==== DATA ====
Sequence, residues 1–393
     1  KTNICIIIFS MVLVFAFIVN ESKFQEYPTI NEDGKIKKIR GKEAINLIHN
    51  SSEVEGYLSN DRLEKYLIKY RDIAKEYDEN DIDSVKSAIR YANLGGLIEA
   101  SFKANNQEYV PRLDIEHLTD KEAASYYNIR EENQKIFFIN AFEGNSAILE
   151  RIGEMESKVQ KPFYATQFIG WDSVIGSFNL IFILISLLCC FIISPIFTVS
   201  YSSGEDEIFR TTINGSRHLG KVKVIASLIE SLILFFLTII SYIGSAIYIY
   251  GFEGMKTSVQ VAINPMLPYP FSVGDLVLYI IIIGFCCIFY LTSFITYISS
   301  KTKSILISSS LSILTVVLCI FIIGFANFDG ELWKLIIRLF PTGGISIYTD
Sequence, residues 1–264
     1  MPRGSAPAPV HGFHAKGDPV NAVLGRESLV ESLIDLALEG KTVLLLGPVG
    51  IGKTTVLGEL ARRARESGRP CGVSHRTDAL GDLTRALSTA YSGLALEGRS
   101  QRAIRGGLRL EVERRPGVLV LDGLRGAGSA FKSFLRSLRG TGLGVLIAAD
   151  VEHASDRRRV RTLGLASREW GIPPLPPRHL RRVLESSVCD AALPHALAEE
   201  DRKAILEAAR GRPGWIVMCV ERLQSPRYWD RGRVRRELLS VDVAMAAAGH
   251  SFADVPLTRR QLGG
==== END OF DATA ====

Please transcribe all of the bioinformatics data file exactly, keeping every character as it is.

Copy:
Sequence, residues 1–393
     1  KTNICIIIFS MVLVFAFIVN ESKFQEYPTI NEDGKIKKIR GKEAINLIHN
    51  SSEVEGYLSN DRLEKYLIKY RDIAKEYDEN DIDSVKSAIR YANLGGLIEA
   101  SFKANNQEYV PRLDIEHLTD KEAASYYNIR EENQKIFFIN AFEGNSAILE
   151  RIGEMESKVQ KPFYATQFIG WDSVIGSFNL IFILISLLCC FIISPIFTVS
   201  YSSGEDEIFR TTINGSRHLG KVKVIASLIE SLILFFLTII SYIGSAIYIY
   251  GFEGMKTSVQ VAINPMLPYP FSVGDLVLYI IIIGFCCIFY LTSFITYISS
   301  KTKSILISSS LSILTVVLCI FIIGFANFDG ELWKLIIRLF PTGGISIYTD
Sequence, residues 1–264
     1  MPRGSAPAPV HGFHAKGDPV NAVLGRESLV ESLIDLALEG KTVLLLGPVG
    51  IGKTTVLGEL ARRARESGRP CGVSHRTDAL GDLTRALSTA YSGLALEGRS
   101  QRAIRGGLRL EVERRPGVLV LDGLRGAGSA FKSFLRSLRG TGLGVLIAAD
   151  VEHASDRRRV RTLGLASREW GIPPLPPRHL RRVLESSVCD AALPHALAEE
   201  DRKAILEAAR GRPGWIVMCV ERLQSPRYWD RGRVRRELLS VDVAMAAAGH
   251  SFADVPLTRR QLGG